What advice does the Anderson family have for those considering becoming foster parents?
“Xavier said to say, if you are thinking about it, pray about it,” said Bekkah relaying the message. “If you think that it is good — do it. Because lots of kids need homes.”
Bekkah said they don’t have any regrets with their foster care journey.
Joel agreed adding, “You can’t go into foster care thinking it will be easy, it won’t be. Regardless of the difficulty, you are making a big difference in the lives of these kids by helping them through some really difficult times.”
On the eve of their adoption day Joel looked back. “Even though we’ve pushed the process as fast as it can go, it still takes a long time. We are excited to be done with that. A big part, too, is that we will no longer be connected to foster care and that will be incredible.”
No longer will social workers, guardians, lawyers and the court be ever present in their lives and in and out of their house. The parents won’t have to immediately pick up a phone when something happens - or is going to happen. The adoption makes Xavier an Anderson and Bekkah and Joel the decision makers.
“He is our first official child,” said Bekkah. “Maybe it is more terrifying to know that we don’t have to make those calls!”
The three Andersons are not in this alone. They have a strong support system including their church family at North Star Church in Virginia. One of these friends, Emily Heitke, was the organizer of Tuesday’s parade.
“I am organizing the parade because this needs celebrating!” Heitke exclaimed over email, Monday. She is friends with the couple and has supported their foster care and adoption journey.
“I felt both excited and sad for Bekkah as I learned their family was going through adoption. Excited, because I know her and Joel will, and have been, great parents to all of the kids they have fostered. They truly care about kids and teaching children what God's love looks like, by selflessly loving on each of the kids they have fostered, provided respite for, and are now adopting!” said Heitke. “I was sad, because adoption, while exciting and necessary--at times, is always born out of trauma and loss.”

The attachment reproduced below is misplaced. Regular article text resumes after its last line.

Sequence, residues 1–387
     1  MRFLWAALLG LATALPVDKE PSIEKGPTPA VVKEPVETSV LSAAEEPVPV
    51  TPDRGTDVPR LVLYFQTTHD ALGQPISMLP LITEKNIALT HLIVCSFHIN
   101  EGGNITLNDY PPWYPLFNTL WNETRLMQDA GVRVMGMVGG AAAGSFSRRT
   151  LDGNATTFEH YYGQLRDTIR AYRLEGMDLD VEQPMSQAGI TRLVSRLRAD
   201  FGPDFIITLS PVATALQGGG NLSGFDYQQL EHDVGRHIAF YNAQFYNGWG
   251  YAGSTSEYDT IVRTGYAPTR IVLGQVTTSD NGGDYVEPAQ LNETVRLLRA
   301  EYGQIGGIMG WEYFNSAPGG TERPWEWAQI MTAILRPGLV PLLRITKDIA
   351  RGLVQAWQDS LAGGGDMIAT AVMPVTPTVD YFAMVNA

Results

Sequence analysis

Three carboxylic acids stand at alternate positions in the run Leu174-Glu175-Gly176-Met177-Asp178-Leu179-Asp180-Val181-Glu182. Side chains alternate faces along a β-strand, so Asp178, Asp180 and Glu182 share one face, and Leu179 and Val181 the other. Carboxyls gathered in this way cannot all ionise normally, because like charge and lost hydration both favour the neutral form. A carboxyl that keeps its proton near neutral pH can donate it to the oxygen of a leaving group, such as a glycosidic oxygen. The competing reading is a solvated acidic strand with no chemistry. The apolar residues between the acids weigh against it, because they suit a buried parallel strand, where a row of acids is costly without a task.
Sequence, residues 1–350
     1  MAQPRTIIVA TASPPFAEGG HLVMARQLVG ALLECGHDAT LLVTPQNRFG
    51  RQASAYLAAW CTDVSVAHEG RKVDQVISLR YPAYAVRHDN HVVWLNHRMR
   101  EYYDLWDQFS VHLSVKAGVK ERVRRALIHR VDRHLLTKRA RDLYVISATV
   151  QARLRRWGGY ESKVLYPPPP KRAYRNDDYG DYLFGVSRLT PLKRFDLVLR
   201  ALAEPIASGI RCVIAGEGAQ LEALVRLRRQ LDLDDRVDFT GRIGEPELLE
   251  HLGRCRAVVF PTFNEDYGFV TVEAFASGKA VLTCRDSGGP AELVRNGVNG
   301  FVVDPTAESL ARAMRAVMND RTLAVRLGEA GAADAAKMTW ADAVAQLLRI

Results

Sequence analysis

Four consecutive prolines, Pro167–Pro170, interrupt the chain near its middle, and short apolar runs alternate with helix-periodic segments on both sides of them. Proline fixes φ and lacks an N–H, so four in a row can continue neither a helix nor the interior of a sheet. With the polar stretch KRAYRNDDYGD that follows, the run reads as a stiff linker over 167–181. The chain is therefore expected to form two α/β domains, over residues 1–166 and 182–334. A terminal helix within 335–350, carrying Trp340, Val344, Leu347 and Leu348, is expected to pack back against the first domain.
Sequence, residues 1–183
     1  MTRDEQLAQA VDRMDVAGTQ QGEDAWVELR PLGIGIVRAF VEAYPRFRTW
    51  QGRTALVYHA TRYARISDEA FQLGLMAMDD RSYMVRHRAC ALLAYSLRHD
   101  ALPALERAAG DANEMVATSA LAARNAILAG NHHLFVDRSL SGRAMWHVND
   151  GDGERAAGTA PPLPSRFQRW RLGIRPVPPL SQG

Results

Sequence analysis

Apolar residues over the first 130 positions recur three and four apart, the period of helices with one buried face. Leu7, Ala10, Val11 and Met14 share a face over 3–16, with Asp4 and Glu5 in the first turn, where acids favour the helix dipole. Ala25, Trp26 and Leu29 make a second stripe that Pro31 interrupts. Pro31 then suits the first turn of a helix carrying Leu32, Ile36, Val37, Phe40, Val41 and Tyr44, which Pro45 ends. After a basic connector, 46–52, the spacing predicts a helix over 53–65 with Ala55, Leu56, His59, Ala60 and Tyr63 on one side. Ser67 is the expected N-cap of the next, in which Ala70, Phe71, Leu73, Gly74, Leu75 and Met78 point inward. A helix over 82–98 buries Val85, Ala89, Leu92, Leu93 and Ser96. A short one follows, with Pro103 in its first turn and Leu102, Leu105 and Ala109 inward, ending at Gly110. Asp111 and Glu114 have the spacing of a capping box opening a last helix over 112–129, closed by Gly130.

The congregation of North Star Church recently completed a course on the book “Orphanology: Awakening to Gospel-centered adoption and orphan care” and they make a concerted effort to support foster and adoptive families, of which the church has several.
“In the last couple of years, our church has had a heart at adoption and really supported that,” said Bekkah explaining that she organizes a clothing closet open to all foster families.
On Wednesday, when asked how the big day went, Bekkah emailed saying, “The day was emotionally all over the place. We are all relieved to have it done. I think we were all holding our breath at the end so that we didn't say the wrong thing, but it went really fast. We can now travel to other states without having to carry around judge orders in our glove box!”
What do the new parents want Xavier to know when he is older?
“No matter the difficulty, we will continue to be your parents and continue to love you,” said Joel with Bekkah adding, “because God is faithful and has a plan.”
Heitke also has a note for the grown-up Xavier. “In 20 years I would want Xavier to know: Bekkah and Joel have always been and will be in this 100%. You are family, and this thing is forever! I hope you can look back on your Adoption Day with fond memories from the celebration, but also know that all of the emotions you have about your Adoption Day are 100% real and valid. I hope you continue to grow in your faith. It is going to be awesome to be able watch your dedication and church and celebrate with cupcakes! Xavier, you are a blessing, and I can't wait to see the plans God has for your life!”